By US Equestrian Communications Department
The North American Team participating in the 2022 FEI Youth Equestrian Games Team Final secured a podium finish in today’s Team Final, taking the gold medal in the two-round competition hosted over two consecutive days. The team featured strong rides from U.S. athlete representative Mimi Gochman (New York, N.Y.), Xaviera Maurer Buch (MEX), Shannon Grubba (CRI), Gabriela Maradiaga (HON), and Carlos Andres Meany Morataya (GTM). The team was led by Chef d’Equipe DiAnn Langer and the athletes will return to contest the FEI Youth Equestrian Games Individual Final on Saturday, July 2.
Gochman and Merino van de Achterhoek, a 2012 Belgian Warmblood gelding, produced two lovely clear rounds in the main stadium at Aachen over the two days of competition and were tasked with riding the jump-off to break the three-way tie for first after two rounds. The courses were designed by Frank Rothenberger (GER) and showcased the talent of athletes aged 15-18 from around the world. The athletes competed at 1.20m height in team competition aboard borrowed horses, with the Individual Final to be set at a maximum height of 1.30m. Each team brought forward five athletes and allowed for two drop scores to calculate the team’s final score.
“For me as the Youth Chef d’Equipe & Technical Advisor, I’m always looking for these opportunities for our youth in the U.S. for a bigger vision of what’s out there. A bigger of vision of where they’re going, what it takes to get there, how long it actually takes to get there – it isn’t overnight success and these competitions ask if they are willing to dig in and commit to the long haul,” said DiAnn Langer, Chef d’Equipe of the North American Team and Youth Chef d’Equipe & Technical Advisor for the U.S. Jumping program. “These opportunities tie it together for me in terms of the pathway and when you look at where our up-and-coming senior team athletes are now, they were on our youth teams, and that’s what you can accomplish through hard work.”
Langer has continued to identify opportunities to get U.S. youth athletes aboard to compete and experience competitions like the FEI Youth Equestrian Games. These competitions allow for them to build relationships with other athletes from around the world and focus on certain elements of their skillset that may push them outside of their comfort zone and help them grow into better horsemen and women and athletes.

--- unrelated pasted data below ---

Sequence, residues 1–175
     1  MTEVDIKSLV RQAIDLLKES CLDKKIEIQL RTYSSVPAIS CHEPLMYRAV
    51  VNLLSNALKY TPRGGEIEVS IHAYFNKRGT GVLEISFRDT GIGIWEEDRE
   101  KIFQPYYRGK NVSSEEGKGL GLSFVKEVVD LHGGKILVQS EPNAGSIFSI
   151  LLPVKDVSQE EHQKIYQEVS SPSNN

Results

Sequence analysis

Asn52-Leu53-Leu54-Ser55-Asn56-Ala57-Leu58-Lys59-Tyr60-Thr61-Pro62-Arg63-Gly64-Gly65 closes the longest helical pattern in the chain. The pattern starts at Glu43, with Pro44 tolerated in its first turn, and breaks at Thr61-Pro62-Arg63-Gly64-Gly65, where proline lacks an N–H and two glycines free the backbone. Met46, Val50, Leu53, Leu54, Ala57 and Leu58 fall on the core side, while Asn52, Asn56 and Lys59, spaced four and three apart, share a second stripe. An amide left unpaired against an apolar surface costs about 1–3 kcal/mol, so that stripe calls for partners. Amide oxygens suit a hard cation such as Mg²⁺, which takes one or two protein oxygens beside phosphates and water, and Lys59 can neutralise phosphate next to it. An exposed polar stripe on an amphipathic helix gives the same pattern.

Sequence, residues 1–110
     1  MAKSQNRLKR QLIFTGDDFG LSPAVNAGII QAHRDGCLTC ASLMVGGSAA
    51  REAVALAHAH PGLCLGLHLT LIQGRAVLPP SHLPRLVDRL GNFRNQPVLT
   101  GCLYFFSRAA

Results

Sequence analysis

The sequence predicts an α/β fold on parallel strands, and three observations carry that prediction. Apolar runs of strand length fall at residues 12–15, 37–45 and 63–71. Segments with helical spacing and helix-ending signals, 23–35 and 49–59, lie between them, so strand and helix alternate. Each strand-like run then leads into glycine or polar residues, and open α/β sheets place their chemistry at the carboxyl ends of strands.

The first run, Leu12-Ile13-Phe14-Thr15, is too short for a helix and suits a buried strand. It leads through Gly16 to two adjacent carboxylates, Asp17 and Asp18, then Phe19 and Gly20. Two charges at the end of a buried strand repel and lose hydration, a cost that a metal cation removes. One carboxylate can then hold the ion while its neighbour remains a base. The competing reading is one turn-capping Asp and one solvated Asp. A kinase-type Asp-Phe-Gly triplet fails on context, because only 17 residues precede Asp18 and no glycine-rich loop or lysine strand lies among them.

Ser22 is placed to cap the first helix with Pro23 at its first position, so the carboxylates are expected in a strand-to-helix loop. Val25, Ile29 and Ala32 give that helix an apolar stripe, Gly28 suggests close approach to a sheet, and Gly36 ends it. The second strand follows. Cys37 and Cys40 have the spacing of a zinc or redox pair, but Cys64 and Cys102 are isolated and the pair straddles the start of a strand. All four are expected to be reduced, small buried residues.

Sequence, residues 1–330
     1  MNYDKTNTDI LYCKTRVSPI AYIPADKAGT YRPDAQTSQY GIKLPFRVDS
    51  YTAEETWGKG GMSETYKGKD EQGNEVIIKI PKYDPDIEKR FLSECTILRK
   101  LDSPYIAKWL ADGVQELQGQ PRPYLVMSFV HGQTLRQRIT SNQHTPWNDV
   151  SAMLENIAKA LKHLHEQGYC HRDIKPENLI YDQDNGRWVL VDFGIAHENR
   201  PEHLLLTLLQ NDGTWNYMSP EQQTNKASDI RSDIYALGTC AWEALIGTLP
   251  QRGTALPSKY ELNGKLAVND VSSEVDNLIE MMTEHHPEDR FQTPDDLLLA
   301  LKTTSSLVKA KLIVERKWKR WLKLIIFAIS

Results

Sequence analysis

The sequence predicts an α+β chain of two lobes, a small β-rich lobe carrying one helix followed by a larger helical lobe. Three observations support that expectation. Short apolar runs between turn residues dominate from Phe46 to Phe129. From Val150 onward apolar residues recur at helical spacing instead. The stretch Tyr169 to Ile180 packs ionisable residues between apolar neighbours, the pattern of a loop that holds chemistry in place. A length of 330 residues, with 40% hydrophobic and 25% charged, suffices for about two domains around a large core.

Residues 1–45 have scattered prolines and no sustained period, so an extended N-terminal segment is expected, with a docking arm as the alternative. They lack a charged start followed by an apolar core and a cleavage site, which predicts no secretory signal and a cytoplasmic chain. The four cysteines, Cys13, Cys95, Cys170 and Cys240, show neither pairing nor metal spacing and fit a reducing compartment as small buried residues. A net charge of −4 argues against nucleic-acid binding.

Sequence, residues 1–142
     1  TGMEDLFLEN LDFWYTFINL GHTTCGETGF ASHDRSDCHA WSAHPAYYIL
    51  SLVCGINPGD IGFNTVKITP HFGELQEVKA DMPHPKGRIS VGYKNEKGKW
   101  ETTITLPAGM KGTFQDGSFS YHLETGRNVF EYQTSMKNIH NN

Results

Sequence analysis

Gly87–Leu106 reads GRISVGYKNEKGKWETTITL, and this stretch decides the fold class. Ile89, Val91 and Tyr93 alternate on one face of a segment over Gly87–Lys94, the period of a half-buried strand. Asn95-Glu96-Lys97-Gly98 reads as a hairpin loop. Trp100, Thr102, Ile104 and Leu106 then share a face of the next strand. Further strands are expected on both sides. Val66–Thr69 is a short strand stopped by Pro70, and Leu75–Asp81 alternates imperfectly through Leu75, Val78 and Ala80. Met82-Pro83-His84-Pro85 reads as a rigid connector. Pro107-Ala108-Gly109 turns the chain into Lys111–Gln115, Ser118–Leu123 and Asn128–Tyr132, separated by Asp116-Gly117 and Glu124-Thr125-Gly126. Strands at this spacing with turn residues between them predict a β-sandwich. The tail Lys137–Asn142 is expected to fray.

“They really enjoyed the entire experience and it’s also important to stress how fabulous the selection of horses was for this competition and the trust of the owners in Holger Hetzel and his program that they would take care of these horses and ensure their safety and wellbeing. They were very strict with the schedule and our team, and all the riders had to learn those rules. There was no bonding with the horses other than through your riding and I think that’s an important of this competition. The horses were so well-managed, and the quality was just unbelievable, and they were completely qualified and excellent and it’s important to recognize the work that goes in behind-the-scenes to provide this type of opportunity for our international youth athletes.”
Of the experience, Gochman noted the importance of understanding and respecting different riding techniques and skills from around the world and touched on the horsemanship and knowledge she’ll take away from the competition after competing on a borrowed horse. Gochman was selected through an application process where her certificate of capability was earned through top finishes in CSI2* Grand Prixs and in FEI Under 25 Grand Prix classes during the 2022 competition year.
“One of my biggest takeaways so far from this entire experience is how to learn from other people. I think that’s a huge part of our sport. A lot of these people are coming from new nations and ones that I haven’t ridden with before that I wouldn’t have met and I think it’s a great experience for learning,” said Gochman. “We had to be on time for ourselves and each other, learn how to communicate with other people like owners, grooms, our teammates, and make sure that everyone’s included. It’s the perfect balance of having fun and meeting new people, but also being serious with your goals in competition as a team and as an individual.”
Participants from 30 different countries around the world were invited to compete in the championship and Gochman discussed the uniqueness of meeting her teammates last week and coming together for a common goal, as well as the experience of learning to ride a borrowed horse in a team format competition.
“I’ve learned a lot about other people’s experiences in the sport and their perspectives, successes, and challenges, and that helps you grow as an athlete and as a friend. It’s a very individual sport, but it’s more fun when you’re a part of a team and it makes it worth it,” she explained. “Being able to support everyone and be a collective is important for our generation in the sport. Also, riding a loaned horse has been very fun for me. You have to trust the horse and be confident that they know how to do their jobs and apply everything I’ve been taught and learned throughout my career so far.”